You are therefore very bearish. Your trading account, however, only has $1,000 in buying power. You can short a few shares of stock, but this won’t give you as much downside exposure as you want. 

Knowing the great leverage that options offer, you decide to purchase a put option. Since you think all stocks will go down, you choose to buy an out of the money put on a broad market ETF – SPY, which represents the S&P 500. Below are the details of your trade. 

SPY Trade Details

     Stock Price: $417

     Put Purchase Price:  2.80

     Put Strike Price: 410

     Put Expiration: June 4th (13 days away) 

     Max Loss: $280

     Max Gain: $40.720

     Breakeven Price: $407.20

Let’s assume two weeks have passed and the jobs report was released. This is also the date our option expires. The jobs number was not good. From the date we bought the put to its expiration, the stock fell $6 in total to a value of $411 per share at expiration. 

How did our put do?

Not well. Since the stock closed above our strike price of 410, the option will expire worthless and we will have lost the entire premium of 2.80, or $280.

Tip! Remember, one option contract represents 100 shares of stock, so whenever an option is quoted, move the decimal point two places to the right to get its true value. 

Some wonder how this is possible: the stock went down from when we bought the put, from $417 to $411 per share – don’t put options make money when the stock drops?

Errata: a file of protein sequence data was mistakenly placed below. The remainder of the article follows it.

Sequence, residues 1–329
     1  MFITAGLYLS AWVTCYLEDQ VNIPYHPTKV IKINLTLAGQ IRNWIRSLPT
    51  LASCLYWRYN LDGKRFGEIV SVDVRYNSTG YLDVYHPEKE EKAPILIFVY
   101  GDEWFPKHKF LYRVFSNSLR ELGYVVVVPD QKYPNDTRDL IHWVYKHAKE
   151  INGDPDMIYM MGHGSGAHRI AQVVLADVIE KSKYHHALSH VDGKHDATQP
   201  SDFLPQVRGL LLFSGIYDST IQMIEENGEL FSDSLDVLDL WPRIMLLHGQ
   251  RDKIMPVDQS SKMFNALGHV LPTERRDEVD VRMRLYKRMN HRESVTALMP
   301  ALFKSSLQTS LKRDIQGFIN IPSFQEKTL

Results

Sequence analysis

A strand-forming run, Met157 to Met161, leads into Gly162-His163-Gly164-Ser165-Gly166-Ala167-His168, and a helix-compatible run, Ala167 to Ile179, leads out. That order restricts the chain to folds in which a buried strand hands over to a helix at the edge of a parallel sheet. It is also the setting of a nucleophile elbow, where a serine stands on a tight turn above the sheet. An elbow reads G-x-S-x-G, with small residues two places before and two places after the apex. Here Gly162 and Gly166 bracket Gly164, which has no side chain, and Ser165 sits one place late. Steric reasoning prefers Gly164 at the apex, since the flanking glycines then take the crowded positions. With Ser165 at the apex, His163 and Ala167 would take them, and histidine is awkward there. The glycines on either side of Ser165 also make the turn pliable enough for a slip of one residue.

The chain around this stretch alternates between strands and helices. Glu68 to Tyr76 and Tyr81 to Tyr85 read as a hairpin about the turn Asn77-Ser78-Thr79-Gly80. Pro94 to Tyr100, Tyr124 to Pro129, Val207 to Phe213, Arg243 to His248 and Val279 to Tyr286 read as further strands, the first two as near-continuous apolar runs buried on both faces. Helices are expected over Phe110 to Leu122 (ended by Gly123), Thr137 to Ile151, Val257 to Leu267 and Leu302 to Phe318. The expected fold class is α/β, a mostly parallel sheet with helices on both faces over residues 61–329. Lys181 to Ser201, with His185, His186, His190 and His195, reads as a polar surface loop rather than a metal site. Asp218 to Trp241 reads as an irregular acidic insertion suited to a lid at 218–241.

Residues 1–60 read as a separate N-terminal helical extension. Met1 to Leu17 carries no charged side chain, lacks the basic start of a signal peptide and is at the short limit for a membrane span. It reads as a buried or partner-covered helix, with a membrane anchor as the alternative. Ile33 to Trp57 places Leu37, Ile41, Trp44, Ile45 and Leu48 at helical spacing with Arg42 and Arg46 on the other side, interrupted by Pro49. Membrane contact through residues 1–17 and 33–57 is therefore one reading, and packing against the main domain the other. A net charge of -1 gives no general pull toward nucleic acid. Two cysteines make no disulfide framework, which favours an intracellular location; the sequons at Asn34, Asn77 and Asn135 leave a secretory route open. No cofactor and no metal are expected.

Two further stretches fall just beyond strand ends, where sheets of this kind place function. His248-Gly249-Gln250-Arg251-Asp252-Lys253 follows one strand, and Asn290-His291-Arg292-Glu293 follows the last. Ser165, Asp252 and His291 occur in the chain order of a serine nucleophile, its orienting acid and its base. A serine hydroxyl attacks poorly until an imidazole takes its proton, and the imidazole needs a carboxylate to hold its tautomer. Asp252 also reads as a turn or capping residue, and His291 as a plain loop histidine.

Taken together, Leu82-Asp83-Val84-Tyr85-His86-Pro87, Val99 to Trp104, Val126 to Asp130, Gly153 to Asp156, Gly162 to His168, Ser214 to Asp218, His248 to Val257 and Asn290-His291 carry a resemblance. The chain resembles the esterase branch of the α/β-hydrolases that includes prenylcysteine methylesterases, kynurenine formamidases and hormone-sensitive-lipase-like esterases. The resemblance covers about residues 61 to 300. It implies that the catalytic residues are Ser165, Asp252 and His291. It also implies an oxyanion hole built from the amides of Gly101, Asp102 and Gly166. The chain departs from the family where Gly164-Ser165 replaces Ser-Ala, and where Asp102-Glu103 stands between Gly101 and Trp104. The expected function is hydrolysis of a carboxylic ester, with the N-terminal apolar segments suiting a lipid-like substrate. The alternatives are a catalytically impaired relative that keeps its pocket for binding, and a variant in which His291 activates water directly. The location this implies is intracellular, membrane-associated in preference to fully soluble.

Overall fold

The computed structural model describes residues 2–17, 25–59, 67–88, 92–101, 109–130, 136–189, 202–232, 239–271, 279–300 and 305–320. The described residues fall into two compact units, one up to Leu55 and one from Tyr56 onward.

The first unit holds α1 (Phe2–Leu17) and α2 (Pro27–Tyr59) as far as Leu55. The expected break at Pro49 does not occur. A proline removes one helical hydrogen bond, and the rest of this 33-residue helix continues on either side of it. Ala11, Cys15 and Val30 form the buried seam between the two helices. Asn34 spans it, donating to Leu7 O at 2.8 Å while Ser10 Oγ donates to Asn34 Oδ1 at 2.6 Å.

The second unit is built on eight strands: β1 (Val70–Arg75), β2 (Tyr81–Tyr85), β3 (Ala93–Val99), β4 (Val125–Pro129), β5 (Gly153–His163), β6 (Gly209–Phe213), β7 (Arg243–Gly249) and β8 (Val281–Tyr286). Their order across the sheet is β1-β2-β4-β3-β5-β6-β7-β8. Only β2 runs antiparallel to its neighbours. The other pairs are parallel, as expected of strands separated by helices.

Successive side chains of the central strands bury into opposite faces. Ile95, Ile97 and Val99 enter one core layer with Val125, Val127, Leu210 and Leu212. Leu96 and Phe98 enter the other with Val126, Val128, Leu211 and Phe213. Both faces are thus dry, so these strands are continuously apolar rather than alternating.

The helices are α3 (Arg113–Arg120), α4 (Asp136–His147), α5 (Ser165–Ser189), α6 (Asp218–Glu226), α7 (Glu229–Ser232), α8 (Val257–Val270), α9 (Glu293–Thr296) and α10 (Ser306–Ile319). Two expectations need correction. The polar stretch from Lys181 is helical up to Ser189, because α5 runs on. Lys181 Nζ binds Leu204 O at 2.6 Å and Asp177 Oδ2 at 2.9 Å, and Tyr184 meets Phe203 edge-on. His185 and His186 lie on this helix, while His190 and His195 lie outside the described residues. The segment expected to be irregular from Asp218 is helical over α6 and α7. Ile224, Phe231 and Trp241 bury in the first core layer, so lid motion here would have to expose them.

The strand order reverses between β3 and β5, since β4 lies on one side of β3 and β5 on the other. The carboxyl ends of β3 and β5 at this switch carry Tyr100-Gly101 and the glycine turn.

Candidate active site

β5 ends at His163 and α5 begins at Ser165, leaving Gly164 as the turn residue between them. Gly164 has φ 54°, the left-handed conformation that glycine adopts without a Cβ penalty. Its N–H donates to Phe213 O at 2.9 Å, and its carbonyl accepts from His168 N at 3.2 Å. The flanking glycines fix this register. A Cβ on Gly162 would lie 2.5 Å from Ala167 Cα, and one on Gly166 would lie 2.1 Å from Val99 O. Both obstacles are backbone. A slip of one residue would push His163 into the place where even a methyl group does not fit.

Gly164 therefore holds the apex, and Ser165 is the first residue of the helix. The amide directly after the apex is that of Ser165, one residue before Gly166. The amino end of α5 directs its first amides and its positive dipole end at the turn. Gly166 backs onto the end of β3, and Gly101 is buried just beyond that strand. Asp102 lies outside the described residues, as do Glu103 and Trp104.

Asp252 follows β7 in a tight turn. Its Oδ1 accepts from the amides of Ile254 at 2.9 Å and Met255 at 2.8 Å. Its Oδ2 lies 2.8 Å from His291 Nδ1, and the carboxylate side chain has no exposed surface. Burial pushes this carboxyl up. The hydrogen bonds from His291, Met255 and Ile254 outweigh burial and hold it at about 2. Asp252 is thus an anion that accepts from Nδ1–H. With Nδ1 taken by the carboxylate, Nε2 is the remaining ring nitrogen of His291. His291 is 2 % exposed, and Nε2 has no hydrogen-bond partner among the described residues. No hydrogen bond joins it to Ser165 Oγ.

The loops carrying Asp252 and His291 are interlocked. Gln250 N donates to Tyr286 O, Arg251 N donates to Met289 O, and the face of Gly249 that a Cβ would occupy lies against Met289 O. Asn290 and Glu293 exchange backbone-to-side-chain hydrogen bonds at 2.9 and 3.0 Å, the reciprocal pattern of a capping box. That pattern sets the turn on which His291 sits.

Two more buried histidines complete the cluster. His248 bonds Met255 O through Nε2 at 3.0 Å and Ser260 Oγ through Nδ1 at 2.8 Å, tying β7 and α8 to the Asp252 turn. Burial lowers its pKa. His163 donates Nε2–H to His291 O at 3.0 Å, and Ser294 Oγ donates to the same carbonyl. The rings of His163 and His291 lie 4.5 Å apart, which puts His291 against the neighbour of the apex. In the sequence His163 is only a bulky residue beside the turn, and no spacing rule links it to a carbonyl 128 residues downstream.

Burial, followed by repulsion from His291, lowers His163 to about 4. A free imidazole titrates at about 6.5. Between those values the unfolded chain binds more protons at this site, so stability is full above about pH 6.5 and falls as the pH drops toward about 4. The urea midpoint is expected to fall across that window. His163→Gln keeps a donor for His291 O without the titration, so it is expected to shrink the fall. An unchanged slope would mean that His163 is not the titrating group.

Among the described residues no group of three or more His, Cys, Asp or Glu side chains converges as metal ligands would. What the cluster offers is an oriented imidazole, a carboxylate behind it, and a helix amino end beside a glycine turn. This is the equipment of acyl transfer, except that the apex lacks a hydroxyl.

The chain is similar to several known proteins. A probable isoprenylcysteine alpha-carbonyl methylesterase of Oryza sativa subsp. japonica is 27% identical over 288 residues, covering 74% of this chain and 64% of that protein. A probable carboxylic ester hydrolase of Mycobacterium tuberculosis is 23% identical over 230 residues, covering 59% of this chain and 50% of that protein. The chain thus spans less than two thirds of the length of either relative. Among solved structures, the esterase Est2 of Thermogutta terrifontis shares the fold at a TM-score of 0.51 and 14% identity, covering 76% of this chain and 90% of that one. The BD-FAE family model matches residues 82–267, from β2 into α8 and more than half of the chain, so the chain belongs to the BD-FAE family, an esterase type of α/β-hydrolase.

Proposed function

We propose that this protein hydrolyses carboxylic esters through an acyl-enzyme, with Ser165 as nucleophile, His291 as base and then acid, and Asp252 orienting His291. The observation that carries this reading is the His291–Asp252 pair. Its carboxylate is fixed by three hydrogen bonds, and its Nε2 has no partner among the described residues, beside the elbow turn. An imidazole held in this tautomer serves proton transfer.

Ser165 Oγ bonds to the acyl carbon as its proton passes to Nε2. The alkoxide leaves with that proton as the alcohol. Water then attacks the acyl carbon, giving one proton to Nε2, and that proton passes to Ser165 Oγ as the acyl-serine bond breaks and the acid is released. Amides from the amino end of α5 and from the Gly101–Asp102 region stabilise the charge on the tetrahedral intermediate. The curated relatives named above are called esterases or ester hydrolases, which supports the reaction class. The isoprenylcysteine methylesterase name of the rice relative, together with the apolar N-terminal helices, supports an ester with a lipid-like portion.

They do, but you’re not betting on a binary outcome of the underlying as you would with short stock; you’re betting the stock is going to fall below a particular strike price by a particular date.

For every day the option doesn’t move in our direction, time decay and implied volatility eat away at the premium.  The majority of out of the money options expire worthless for this reason. 

Scenario 2

Let’s revisit our above trade with a different outcome. This time, the jobs report was a huge miss. As a result, the market tanked. Here is a reminder of our position:

Long 1 June 4th 410 strike price put @ 2.80

On the tail of this report, SPY plummeted in value to $401 per share. How did our put do this time?

The easiest way to determine the profit on a long put is first to determine where we break even. Our breakeven stock price was 407.20. Now, simply take the difference between the breakeven stock price and the current stock price. 407.20 – 401 = 6.2. That’s a profit of $620 on our option, not bad! What do we do now?

Let’s take a look now at the 3 different ways an investor can close a long put position:

Closing a Long Put

  1. If the long put is out of the money at expiration, it will expire worthless and no action is required.
  2. Sell the long put in the marketplace before expiration. However, never use market orders, and be careful with stop orders on options!
  3. If you do not sell an in-the-money long put by expiration, your broker will likely auto-exercise your right to either a.) sell stock (for equity options) b.) cash settle (index options). The vast majority of option traders will exit in-the-money options before expiration to avoid having short shares in their account.  

Tip! If an option is zero bid, it may be impossible to sell as no one will be willing to buy.